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Lauren Whitley

DENIM Twill patterns of weaving seem to have developed early in the first millennium b.c.e. Hallstatt culture in Europe. Technically speaking, denim is a warp-faced twill weave fabric. The most basic twill weave calls for passing the weft (crosswise) yarn over two and under two warp (lengthwise) yarns (2/2 twill), a pairing that gives the pattern its name, two-ing or twill. In warp-faced twills, warp yarns are predominant on the front or face of the fabric and because warp yarns have a higher twist, the resulting fabric is stronger than many other weaves. In denim, the warp-faced twill pattern calls for passing the weft yarn over one and under two (1/2), or over one and under three warp (1/3) yarns. Because there are fewer lacings in twills than in plain weaves, the yarns are freer to move when being worn resulting in a fabric that is both flexible and resilient. The fewer the lacings, as in twills compared to plain weaves, the closer together yarns may be packed, thus producing a higher number of yarns per inch, making the resulting fabric stronger yet.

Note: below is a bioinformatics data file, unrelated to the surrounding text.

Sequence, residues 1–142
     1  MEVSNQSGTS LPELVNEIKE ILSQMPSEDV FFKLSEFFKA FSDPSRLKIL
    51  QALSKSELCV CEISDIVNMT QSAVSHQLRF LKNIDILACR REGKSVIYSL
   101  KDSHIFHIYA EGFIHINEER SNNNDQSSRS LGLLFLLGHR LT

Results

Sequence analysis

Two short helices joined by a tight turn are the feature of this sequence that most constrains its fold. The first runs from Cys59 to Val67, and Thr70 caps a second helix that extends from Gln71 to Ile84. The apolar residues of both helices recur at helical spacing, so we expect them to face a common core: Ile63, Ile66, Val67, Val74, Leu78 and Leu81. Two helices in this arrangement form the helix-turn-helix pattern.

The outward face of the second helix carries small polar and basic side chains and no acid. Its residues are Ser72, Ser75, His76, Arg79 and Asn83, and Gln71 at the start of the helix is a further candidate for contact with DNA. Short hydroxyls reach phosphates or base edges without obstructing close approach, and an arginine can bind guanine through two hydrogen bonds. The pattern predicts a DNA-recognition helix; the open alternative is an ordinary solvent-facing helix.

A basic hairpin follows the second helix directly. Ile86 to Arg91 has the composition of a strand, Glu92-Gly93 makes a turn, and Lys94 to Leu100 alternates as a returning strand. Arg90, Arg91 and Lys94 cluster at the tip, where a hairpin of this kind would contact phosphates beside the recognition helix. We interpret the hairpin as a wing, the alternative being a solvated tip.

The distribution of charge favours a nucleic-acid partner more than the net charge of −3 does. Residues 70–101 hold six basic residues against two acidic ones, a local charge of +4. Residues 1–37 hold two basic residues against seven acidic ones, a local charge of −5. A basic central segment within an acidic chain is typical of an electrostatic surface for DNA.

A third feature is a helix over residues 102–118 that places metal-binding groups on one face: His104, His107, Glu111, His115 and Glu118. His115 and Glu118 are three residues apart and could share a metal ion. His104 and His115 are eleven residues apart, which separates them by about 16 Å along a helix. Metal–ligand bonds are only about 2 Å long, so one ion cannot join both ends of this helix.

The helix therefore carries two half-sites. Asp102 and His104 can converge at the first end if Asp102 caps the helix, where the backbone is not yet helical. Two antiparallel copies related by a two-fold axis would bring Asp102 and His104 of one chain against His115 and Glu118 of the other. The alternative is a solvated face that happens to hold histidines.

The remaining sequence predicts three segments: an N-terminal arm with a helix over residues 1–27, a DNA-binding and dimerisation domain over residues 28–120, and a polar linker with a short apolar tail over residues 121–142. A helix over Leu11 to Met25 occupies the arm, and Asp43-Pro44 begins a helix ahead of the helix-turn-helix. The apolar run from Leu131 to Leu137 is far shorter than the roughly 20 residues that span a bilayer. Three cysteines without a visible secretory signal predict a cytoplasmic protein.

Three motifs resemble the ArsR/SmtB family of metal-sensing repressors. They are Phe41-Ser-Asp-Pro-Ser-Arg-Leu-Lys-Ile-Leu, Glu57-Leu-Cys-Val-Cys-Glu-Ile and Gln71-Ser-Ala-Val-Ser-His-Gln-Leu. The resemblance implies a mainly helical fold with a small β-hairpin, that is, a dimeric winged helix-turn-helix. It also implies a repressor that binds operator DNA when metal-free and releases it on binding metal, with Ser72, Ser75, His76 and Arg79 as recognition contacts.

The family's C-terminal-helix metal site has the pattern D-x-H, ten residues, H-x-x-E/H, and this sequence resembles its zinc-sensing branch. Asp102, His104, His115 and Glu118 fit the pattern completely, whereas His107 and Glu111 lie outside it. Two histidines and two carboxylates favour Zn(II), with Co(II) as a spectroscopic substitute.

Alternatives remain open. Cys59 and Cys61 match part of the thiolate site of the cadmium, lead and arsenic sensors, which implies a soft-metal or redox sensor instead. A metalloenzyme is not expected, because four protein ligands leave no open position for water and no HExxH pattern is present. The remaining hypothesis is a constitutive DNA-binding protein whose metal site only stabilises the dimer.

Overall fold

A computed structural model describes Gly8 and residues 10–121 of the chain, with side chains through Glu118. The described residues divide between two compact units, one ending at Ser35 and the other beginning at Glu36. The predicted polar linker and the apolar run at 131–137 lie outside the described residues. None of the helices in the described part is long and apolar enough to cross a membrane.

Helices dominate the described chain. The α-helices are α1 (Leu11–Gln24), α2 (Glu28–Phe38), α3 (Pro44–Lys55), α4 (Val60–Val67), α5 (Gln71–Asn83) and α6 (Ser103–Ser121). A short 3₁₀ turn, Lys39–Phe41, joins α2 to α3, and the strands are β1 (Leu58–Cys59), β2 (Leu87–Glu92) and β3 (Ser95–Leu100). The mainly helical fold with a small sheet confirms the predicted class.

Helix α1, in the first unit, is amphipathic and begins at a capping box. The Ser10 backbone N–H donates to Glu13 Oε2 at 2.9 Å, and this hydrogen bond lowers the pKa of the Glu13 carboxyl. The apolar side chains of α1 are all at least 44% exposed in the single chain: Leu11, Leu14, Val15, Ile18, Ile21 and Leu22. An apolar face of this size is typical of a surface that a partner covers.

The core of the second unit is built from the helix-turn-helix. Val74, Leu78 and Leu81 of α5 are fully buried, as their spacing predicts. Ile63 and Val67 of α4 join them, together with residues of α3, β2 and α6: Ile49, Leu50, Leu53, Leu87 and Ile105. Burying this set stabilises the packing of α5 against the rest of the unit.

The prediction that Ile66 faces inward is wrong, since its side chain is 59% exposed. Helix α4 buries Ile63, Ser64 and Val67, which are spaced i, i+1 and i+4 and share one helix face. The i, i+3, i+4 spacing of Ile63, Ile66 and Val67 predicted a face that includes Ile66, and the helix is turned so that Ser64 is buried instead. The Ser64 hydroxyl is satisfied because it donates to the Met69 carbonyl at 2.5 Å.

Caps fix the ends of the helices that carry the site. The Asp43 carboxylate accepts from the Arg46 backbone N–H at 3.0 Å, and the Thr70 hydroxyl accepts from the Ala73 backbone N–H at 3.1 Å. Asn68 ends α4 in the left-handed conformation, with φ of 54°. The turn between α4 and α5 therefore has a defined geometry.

Popularly speaking, denim has been associated with fabric coloring, garment style, and lifestyle. Whole books have been written about twentieth-century denim and its popularity with teenagers and celebrities. The word has become so popular and generic in its use that rock bands, stage troupes, and even bottled water, have taken the name denim. The name itself is derived from Nimes, a small city in southern France that had long been famous for its textile industry.

Levi Strauss is given the credit for the common use of denim in the rugged trousers first sold to gold miners

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